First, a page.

I know, I know. Two weeks in a row is a little much, I’m sorry.
In chapter 10 we discussed the ideas of market clearing prices, and specifically in the homework section of that chapter the question about parking spaces in Boston got me thinking about how markets determine prices for the limited number of resources. Supply and demand! Those 3 parking spaces were not all in the same location, and as a result different people had different valuations for each spot. What was easily observed, before even looking at numbers, was that one spot was going to be more highly coveted than the others, because it was incredibly close to two potential buyers. Now, where does world of warcraft come into play? Well, first read the first few paragraphs of this article to help you get the jist of where we are going. If you already understand the function of raw materials in the World of Warcraft economy, specifically Copper Ore, then feel free to continue reading.
Copper Ore is the easiest ore to mine in World of Warcraft, meaning, as soon as a player decides they would like to learn how to mine, it is minable. The same cannot be said for ores such as Thorium, which require extremely high levels of mining to extract. What this simple definition alludes to is the inevitable focus of supply and demand of the ores and the people who need them. One would initially assume that due to the inherent hurdles one must jump through to acquire Thorium that it would have a higher price than the lowly copper ore, however in general, that is false.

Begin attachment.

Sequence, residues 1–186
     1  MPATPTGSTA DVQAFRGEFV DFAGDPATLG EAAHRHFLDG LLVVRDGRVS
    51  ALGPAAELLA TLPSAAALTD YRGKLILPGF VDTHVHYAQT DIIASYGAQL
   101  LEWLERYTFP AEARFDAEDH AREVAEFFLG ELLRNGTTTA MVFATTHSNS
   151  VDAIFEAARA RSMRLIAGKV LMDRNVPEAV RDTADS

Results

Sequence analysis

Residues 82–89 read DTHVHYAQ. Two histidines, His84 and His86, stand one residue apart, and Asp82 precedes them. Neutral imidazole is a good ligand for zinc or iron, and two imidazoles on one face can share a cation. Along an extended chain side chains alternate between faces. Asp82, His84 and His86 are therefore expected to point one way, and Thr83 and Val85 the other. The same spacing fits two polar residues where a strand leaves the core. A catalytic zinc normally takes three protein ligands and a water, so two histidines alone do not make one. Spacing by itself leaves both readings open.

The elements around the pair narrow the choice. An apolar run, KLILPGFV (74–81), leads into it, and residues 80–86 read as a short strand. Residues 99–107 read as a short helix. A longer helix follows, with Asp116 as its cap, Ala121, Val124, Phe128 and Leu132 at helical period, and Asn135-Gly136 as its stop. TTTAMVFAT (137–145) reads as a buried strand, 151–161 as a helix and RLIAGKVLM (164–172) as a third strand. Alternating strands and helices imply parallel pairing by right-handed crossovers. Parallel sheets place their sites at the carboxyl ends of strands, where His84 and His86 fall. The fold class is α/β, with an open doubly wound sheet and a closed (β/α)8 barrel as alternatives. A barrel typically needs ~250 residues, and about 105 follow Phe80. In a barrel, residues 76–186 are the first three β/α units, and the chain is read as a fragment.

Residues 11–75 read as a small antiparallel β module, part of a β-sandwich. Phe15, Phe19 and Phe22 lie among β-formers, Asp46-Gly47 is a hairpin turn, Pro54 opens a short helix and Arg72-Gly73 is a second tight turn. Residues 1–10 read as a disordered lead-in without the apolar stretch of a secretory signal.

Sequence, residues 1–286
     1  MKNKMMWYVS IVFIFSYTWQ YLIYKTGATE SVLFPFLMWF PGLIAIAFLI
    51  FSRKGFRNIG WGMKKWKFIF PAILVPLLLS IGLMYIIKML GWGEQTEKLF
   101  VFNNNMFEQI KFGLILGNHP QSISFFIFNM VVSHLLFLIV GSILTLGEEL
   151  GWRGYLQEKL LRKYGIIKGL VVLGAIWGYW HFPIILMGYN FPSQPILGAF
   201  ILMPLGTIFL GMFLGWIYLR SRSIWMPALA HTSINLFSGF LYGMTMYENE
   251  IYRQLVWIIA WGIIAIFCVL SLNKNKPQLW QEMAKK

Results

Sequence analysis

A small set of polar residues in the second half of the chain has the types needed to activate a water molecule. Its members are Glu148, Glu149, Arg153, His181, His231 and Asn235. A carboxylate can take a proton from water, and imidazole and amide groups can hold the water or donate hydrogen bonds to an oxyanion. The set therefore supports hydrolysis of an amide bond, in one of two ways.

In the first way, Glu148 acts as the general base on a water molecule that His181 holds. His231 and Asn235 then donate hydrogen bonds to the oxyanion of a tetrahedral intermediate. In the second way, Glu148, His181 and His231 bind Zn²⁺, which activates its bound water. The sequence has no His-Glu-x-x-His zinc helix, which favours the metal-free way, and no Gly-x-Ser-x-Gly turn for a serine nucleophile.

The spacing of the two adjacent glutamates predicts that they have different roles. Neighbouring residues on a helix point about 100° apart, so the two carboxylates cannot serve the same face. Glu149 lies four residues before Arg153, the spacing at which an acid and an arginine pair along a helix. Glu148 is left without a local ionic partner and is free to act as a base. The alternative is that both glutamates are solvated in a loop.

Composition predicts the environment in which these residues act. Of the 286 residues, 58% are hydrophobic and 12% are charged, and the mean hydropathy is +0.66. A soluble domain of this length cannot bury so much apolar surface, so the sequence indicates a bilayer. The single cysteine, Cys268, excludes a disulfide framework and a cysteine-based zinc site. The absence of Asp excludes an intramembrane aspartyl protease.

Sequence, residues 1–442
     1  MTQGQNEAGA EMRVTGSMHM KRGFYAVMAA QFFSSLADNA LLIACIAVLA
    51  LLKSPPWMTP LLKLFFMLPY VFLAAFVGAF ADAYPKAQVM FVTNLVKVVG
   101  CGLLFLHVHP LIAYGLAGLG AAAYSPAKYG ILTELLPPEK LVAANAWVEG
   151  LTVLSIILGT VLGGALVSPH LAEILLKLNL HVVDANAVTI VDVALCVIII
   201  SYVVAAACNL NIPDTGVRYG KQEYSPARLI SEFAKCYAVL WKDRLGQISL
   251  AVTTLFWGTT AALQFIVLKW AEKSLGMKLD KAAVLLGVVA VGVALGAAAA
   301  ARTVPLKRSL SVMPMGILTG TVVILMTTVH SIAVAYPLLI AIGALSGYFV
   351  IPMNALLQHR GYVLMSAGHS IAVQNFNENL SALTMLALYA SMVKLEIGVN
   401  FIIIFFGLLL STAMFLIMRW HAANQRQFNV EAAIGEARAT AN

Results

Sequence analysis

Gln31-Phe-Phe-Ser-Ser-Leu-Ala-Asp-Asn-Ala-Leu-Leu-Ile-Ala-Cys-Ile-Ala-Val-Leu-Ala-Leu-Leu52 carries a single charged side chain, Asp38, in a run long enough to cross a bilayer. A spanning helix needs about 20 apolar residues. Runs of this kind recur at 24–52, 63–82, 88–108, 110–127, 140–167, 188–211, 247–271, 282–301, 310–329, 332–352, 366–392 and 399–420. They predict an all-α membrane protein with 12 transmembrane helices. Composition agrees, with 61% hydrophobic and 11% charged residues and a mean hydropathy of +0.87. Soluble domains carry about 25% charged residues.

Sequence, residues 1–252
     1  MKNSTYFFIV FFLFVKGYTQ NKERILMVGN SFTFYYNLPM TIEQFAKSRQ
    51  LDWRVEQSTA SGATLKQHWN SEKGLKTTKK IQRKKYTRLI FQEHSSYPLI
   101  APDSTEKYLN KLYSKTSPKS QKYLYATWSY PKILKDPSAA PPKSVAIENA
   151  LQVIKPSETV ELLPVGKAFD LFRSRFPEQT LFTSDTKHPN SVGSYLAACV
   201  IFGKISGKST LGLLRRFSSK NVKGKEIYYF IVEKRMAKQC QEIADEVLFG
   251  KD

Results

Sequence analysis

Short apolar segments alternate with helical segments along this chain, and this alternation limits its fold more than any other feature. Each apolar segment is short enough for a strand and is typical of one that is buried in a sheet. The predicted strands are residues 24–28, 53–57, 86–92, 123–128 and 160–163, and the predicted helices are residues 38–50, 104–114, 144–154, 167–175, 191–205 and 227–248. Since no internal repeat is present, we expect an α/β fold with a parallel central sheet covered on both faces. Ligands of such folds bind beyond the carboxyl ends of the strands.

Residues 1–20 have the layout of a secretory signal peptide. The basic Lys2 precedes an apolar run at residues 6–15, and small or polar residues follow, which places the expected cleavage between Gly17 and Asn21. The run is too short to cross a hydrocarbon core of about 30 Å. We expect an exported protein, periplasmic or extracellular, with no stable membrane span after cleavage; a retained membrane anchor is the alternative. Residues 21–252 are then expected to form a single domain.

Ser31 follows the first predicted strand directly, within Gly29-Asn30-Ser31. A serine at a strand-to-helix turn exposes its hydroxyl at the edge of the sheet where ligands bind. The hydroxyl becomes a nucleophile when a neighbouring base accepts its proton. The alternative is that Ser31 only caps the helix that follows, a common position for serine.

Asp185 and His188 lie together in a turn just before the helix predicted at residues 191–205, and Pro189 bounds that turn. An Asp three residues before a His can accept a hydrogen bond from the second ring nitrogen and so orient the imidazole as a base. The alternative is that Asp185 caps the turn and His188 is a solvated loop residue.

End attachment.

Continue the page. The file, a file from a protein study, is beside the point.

Why? Why does the market yield a higher price for the easily obtainable copper ore and a lower for the elusive Thorium? The same reason the parking spots in Boston yielded different prices, it was what the buyers needed. Hypothetically, those parking spots in Boston could have been different, with one being in a beautiful parking garage with lights and other “bells and whistles,” while the other could simply have had two white lines and a number on the side of an alley. But, the important thing to the buyers in this market was NOT the quality of the product, but simply its location, or its use.
While Thorium is harder to get and it is rarer, fewer people desire it, because it has fewer uses. On the other hand, copper ore has a plethora of uses across disciplines that now create a larger market for a finite amount of resources, supply and demand. As the demand for a product goes up, so does the Market Clearing price, which will result in a higher price for Copper Ore than Thorium Ore. This is the same situation that occurred in Boston, the product that had the most use for the most people received the highest price, which we all know, is the basis of Supply and Demand. Our two favorite concepts.